Now I should address the 500 pound beaver in the room and discuss “The Shot”; that half-second of exposed flesh that ignited a firestorm of publicity and, in my opinion, was basically the reason the film got such notice in the first place. First off, it’s not that impressive. There was such an air of salaciousness about it when it came out that I thought it would be something amazing. Alas, when I finally saw it, it wasn’t. It’s just a fleeting upskirt shot, most likely a filming accident that was capitalized upon for publicity. All it does is prove that Sharon Stone, indeed, has one.
Furthermore, it’s just one in a series of incidents of “heightened sexuality” that put this film at the top of the “erotic thriller” pile. “Heightened sexuality” is in quotes because, really, it all seems like a desperate attempt by the filmmakers (Verhoeven and Eszterhas especially) to inject sexual controversy into a standard detective B-movie. The Shot, the often violent sex, the trendy lesbianism, the blase discussions of sex – all of these smack of filmmakers trying to manufacture “daring.” It all seems like they wanted to discuss changing sexual ideas in society, but the overall campiness of the film undercuts what could have been a strong debate. I can’t take themes like that seriously when I hear something like, “Have you ever fucked on cocaine?” It wanted to be dirty, and perhaps at the time of its release it was, but now it just seems tacked-on and desperate.
So, the time of Basic Instinct came and went, and what did it leave? Michael Douglas has since gone on to a steady, successful career, though it has slowed down lately, and with his cancer diagnosis, he’ll probably take some time off. Jeanne Tripplehorn was never a huge star, but as one of the anchors of “Big Love” she’s doing just fine. The film is also full of “Hey, it’s that dude!” character actors: Dzundza, Daniel Von Bargen (of “Seinfeld” and “Malcolm in the Middle”), Mitch Pileggi (pre- “X-Files”), and Stephen Tobolowsky (of every film ever made). That I can recognize them in current work means the film didn’t seem to ruin any of their careers. And director Paul Verhoeven weathered through Showgirls before directing Starship Troopers, a film I also didn’t enjoy, but that many have taken to heart as some sort of subversive discussion of fascism (or glorious camp flick).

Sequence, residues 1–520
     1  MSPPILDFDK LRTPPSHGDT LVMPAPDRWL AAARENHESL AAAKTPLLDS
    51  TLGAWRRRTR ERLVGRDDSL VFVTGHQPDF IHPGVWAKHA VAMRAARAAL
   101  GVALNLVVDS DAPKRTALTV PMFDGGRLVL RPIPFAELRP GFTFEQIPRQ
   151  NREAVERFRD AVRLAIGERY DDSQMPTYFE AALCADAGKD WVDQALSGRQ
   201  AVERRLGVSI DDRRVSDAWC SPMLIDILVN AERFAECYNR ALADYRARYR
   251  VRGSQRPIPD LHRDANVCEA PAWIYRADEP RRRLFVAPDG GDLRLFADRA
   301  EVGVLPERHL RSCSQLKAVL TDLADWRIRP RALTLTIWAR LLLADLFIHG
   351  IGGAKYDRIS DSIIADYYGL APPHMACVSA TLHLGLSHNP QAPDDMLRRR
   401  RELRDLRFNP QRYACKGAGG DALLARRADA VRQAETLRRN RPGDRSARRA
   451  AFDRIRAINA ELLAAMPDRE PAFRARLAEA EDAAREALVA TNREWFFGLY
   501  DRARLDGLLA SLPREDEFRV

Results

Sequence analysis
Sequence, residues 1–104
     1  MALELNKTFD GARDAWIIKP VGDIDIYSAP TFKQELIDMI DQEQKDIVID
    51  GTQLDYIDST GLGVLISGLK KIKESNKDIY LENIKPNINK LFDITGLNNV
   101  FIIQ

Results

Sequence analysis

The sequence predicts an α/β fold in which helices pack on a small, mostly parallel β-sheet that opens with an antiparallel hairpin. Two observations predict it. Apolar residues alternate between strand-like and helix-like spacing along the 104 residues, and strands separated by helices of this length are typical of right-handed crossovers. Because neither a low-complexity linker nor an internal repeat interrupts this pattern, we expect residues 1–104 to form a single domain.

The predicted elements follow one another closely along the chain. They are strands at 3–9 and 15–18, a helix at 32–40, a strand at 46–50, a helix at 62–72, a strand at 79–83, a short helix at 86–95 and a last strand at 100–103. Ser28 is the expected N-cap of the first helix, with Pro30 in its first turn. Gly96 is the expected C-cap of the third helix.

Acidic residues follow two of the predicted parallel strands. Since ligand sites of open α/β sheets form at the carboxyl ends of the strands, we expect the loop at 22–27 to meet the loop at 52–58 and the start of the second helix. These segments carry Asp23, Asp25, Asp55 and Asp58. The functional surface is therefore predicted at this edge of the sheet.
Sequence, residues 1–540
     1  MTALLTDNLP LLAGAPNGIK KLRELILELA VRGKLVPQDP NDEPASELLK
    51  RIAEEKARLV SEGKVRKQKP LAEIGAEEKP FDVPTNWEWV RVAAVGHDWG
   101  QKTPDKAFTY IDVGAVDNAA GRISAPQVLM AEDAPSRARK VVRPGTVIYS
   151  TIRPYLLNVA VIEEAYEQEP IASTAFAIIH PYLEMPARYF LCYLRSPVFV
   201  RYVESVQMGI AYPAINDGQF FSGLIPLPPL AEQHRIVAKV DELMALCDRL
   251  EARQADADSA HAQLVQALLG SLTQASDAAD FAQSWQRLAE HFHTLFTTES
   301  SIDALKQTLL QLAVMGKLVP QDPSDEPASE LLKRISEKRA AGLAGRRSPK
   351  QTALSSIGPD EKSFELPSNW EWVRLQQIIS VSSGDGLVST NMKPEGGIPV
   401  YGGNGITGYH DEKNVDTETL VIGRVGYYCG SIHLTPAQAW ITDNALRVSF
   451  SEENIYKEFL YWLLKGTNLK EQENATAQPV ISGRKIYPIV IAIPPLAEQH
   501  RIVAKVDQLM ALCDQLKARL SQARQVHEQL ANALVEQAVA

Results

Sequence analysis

The two people who really went downhill since the film are writer Joe Eszterhas and Sharon Stone. Eszterhas made his name with this film, becoming that rare breed of screenwriter: Writer People Outside of Hollywood Knew By Name. He managed to write a few other bizarre, sub-par erotic thrillers before the wonderful mistake that was Showgirls, the film that took “sexual daring” too far into the land of campiness, and came out a cult classic. He hasn’t done much in Hollywood since then, and his name, once synonymous with Hollywood power, is now almost an insult if applied to someone.
Stone? Basic made her career, and she went on to a couple of other similarly pulpy thrillers, Sliver and Intersection, before what would probably be her critical peak, the role of Ginger in Scorsese’s Casino (and, though I’m really not a fan of hers otherwise, she did a great job in that role). After that, though, came a series of critically reviled (if not simply ignored) films: Sphere, Antz, Gloria, The Muse, Cold Creek Manor, and (ugh) Catwoman. Since then, it’s been small roles in decent-sized films, and starring roles in films I’ve never heard of, like Streets of Blood, and a Turkish TV crime series. Seriously.
Look, this probably wasn’t a film for me, but after watching it, I still can’t understand how audiences at the time went for Basic Instinct. The film is so silly, so saturated in sex, so ridiculously acted and written and directed that I don’t understand how it was such a big hit.
Oh, right. That.